Roundtable of Death: Actual Death Edition

tod

It’s time for our end of season wrap-up. Thanks to everyone for reading this season; it was a great one. Make sure to follow us on Twitter, where James routinely kills it, and come back during the summer, when this blog converts back into a blog about devil sticks.

It really was the best of times
 

Varada: Preseason predictions, including my own, had the Sens as a bubble team at best. And I guess they were a bubble team, but on the right side of 8th place, and with their playoff probability well above 80% all season long. We got great looks at Silfverberg, Zibanejad, and Wiercioch, had some pleasant surprises in Pageau and the trade for Conacher, and enjoyed a number of improbable comebacks and gutsy wins. And, of course, they won a playoff round for the first time in six years. How could you call this season anything other than a success?

James: I think the biggest plus I take out of this season (and I truly feel there were many) is that though many players very green, this team has depth that can get the job done. I say this is my biggest takeaway because just a few short years ago plugging a Binghamton player or two into the lineup even for a short period of time was to see a different team. Ottawa’s always had good players but if they went down the team would suffer greatly. Do you have any substantial memories of Cody Bass or Roman Wick? The Ottawa Senators actually had a more successful season than the previous without Jason Spezza, Erik Karlsson and largely Craig Anderson and Milan Michalek. Of course I’d have preferred full seasons from these stars but if 7th seed post season birth from a bunch of rookies and old men isnt team development I dont know what is. Cant wait to see the star players combine with the capable reinforcements. I dont know if there’s ever been a more exciting time to be an Ottawa Senators fan.

 

Gonchar is going to be a decision

Varada: He was a bit of a revelation this year, even if 27 points in 45 games and unspectacular possession stats still aren’t worth $5.5MM a year. But you don’t find a player with 19 seasons of NHL experience under his belt every day, and that experience probably went a long way when the team needed stability and leadership while weathering injuries. Looking at the Sens’ lineup, I don’t see someone who will step in and play 20+ minutes a night. MacLean seems to have thought the same, praising Gonchar in his post-season presser.

I think at this point nobody would be particularly torn up to see Melnyk’s money go back into Serge’s bank account. At the same time, do you remember Kuba? Solid stats, steady partner for Karlsson, a bit older, lots of experience, cup ring…and Florida gave him $4MM a year for two years. My point being, somebody is going to overpay for Gonchar, and if it’s Ottawa I guess that’s ok–but it will still be overpayment.

James: I agree with your points and think Gonchar had a very good season for Ottawa. When it comes to resigning Gonchar the decision to let him walk is an easy one for me. It’s not an indictment of his play. You’re right about all those things. A calmness with the puck that just cannot be taught, solid point production, raised his game unexpectedly: Hey, mind filling in indefinitely for a guy who plays up to 30 mins a night and is the defending Norris winner? THX BRO! Guy was instrumental in salvaging the season. That said, he is 39 years old. I thought he played a lot younger than that… well until about the post season. And hey that’s cool. Some of the young guys looked old against the Penguins. I just think its going to take 2 years to resign Gonchar and I don’t think Ottawa should do that. It’s not the money its the time. If Murray can convince him to sign for 1 year, yeah do it. Two? I’m going to take names of people who argue me and come back to them when we’re watching a 41 year old Sergei Gonchar play an 82 game season on the youngest team in the NHL..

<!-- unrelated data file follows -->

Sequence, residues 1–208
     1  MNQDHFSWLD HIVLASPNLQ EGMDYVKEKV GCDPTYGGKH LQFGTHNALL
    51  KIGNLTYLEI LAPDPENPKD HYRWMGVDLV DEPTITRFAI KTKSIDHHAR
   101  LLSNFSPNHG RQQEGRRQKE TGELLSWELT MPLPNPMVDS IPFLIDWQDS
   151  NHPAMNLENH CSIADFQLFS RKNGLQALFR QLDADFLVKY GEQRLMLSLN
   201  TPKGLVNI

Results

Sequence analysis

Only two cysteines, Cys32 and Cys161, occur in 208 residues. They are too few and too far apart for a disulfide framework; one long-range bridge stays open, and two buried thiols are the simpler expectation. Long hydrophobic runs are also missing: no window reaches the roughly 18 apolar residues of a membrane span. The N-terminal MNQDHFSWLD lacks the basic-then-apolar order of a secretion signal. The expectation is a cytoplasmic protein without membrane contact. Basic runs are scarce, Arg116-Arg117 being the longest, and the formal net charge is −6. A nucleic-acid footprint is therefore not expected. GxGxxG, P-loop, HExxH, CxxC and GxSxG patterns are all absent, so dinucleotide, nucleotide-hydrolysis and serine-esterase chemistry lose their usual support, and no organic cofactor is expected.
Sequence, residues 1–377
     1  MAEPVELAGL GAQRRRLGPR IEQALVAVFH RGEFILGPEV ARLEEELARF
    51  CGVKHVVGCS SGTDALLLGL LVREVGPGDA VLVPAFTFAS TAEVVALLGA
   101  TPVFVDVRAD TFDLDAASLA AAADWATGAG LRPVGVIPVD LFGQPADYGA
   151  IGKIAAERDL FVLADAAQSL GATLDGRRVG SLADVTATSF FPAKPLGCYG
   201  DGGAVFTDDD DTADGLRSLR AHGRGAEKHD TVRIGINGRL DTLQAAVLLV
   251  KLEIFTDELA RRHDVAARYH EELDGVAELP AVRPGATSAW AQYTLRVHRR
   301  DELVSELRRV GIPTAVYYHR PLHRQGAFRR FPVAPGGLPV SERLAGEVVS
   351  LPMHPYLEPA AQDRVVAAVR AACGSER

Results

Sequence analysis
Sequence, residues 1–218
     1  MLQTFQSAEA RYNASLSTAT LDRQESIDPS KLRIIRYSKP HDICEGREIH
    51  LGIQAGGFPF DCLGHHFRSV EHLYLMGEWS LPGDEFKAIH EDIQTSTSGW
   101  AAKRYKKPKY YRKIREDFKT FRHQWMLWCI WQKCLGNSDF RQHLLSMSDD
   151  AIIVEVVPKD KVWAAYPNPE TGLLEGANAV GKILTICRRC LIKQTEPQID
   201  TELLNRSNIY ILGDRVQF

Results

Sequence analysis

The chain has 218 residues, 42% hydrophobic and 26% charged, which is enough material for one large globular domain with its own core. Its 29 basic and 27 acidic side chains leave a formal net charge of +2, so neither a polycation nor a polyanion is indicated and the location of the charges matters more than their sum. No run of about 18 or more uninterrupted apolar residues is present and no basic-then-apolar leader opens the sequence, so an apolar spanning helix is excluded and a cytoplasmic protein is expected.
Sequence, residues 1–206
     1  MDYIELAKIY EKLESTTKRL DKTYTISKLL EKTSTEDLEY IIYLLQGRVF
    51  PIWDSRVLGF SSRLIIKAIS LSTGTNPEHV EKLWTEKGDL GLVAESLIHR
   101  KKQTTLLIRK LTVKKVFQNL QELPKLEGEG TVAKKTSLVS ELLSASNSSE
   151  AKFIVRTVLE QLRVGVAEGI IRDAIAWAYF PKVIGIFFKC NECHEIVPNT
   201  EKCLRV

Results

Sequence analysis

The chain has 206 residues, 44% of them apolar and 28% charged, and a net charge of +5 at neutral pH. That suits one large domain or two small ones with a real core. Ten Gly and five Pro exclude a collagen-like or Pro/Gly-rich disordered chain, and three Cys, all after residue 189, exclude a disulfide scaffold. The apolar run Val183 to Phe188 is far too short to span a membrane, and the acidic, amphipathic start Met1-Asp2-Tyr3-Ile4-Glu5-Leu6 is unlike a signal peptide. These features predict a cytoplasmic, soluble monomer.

It’s clear Karlsson has a steady partner now in Marc Methot who I thought was the best, most consistent defenseman all season for Ottawa. I think we’re all a bit down on Jared Cowen right now but he looked so normal out there that we quickly forgot how rusty he probably was. The guy hadnt played NHL hockey in nearly a calendar year when he came back. For me, I trust Cowen can take on second pairing minutes. Next Patrick Wiercioch. His game is not perfect but thrust into 42 games thanks to injury, Wiercioch, a rookie, was the second highest scoring defenseman on the team and finished a team high +9. All that at a paltry 15 minutes a game. The kid has some ability. Below that, guys like Benoit and Gryba (who played first pairing a lot this season LOL) have shown they can play at the NHL level and there’s always the emerging Boroweicki to consider. Notice I havent even mentioned Phillips yet who had his best season in years. Is Cowen – Wiercioch a viable second pairing? Obviously I’m not sure but this is still a rebuild and this season’s injury troubles showed me you actually can hand the keys over to the kids to an extent. I’ll take having a first pairing of a Norris winner and a fast, strong and physical shutdown beast and let MacLean play around with the rest over signing a very good 39 year old to term. If that doesnt cut the mustard, trade a little of that depth for a top 4 d man. With Karlsson – Methot we don’t even need an elite guy. Grow Sens Grow. 

Ottawa’s depth isn’t even truly appreciated yet

 
Varada: As much fun as it was to watch Ottawa’s young guns this year, remember that they still have three first round picks–Noesen, Puempel, and Ceci–who have yet to play an NHL game. You’ve got Stone on the cusp of breaking into the NHL, and others, like Hoffman and Shane Prince, making strong cases for themselves. Lehner is cutting the brakes on Anderson’s car right now. Who knows what other hidden, Pageau-like gems are in the system. Ottawa might lose some veterans next season, but there’s a version of this team that’s two or three seasons away that is going to blow the doors off the league.